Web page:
Last night I went to a toga party, anticipating a silly but otherwise simple celebration of a friend’s 29th birthday. I didn’t realize the night would also mark likely the last time this particular group of friends was together. A dear friend is leaving for two months in Spain, and she doesn’t know what awaits her after that. Another friend is departing for Atlanta. A couple at the party is moving to Zambia. Another friend recently found out he’s a year from a move to Utah.
People seem to leave Birmingham in their early 30s, especially if they’re single. As I said to a friend during last night’s celebration, Birmingham offers so much to do–but most people do it in pairs. It’s been hard to watch friends leave, and in the past few months, it’s also challenged my relationship with my city. I’ve spent many days feeling adrift and wondering about my place here.
I don’t have all the answers, and I guess even those answers could shift throughout life.
But I know this: On April 27, I boarded a plane to New Orleans hours before storms were set to hit Birmingham. We had already been pummeled by an intense thunderstorm that morning, and meteorologists were predicting a much worse afternoon. But as many of my fellow Alabamians have written in the days since, we’re accustomed to tornado weather. We know where the “safe places” are in our homes, and we prepare accordingly. It’s rare to get really worked up over a storm, though; I can only think of two times a tornado has touched down near me in the last eight years.
April 27 was different. My boss sent me a text message that night and told me to turn on the news. Entire neighborhoods and cities were demolished by tornadoes. Tuscaloosa, Cullman and Birmingham–the Alabama cities I’ve called home–were all hit hard. The death toll rose rapidly. I listened to Tuscaloosa Mayor Walt Maddox on national news, and later Birmingham Mayor William Bell. I nearly cried when I heard Mayor Bell’s voice.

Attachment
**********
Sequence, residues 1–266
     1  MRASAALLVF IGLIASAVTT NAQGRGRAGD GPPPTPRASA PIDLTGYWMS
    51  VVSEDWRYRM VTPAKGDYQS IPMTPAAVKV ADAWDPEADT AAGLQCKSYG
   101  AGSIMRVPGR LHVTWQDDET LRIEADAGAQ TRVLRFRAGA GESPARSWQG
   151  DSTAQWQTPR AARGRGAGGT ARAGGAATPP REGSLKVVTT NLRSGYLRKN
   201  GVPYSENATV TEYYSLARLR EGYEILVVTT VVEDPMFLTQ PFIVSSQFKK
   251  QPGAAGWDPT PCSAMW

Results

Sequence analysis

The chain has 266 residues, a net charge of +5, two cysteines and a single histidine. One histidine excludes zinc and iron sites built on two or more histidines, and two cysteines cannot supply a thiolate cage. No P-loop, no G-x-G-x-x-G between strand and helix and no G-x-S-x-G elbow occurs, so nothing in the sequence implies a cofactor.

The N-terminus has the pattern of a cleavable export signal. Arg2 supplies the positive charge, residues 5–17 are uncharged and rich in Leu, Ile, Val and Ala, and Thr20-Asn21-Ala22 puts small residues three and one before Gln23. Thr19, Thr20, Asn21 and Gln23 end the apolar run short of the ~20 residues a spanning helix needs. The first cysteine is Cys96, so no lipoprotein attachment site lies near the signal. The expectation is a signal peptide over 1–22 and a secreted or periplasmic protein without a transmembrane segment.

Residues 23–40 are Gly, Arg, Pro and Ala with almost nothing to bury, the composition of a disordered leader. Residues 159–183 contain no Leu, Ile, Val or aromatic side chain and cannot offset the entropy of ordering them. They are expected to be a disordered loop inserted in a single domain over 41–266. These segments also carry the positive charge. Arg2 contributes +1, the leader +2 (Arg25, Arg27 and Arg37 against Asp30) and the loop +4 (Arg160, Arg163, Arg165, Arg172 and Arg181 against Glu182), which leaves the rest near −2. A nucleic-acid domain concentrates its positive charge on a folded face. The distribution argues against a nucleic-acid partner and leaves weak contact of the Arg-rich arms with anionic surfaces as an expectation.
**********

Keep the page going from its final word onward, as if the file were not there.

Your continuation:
And I was a week from returning home.
The tornadoes didn’t come close to my house; the morning storms wreaked havoc eight miles away on the neighborhood where my favorite coffee roaster is located, and the evening storms demolished neighborhoods on the west and north ends of town. Still, it felt wrong to be away. I wanted so badly to be back in Alabama, to see that my friends and coworkers were OK. I knew I would have been sitting at work, checking the news obsessively, instead of sitting in New Orleans, checking the news obsessively. But I yearned to be with my people. Alabama is where I belonged.
If you’re going to be away when your home city is struck by a natural disaster, though, New Orleans is perhaps the best place you could be. People were incredibly gracious and understanding. The next night, I attended a private dinner at the New Orleans Presbytere. The exhibit “Katrina & Beyond” depicted both the science of hurricanes and the stories of New Orleans and its people during and after Hurricane Katrina. After dinner, we were invited to write messages to either New Orleans or the world on our hands, to be photographed for Robert X. Fogarty’s “Dear World” project.
I knew almost immediately what I wanted to write. “Here we rest” was Alabama’s original state motto, and is the title of Jason Isbell & the 400 Unit’s newest album (which I’ve listened to obsessively since I got it, and which I fell asleep listening to the night of the tornadoes). Alabama has been my place of rest since I returned on Feb. 28, 2003. And when I returned from my week-long trip, I had never been so happy to see my home.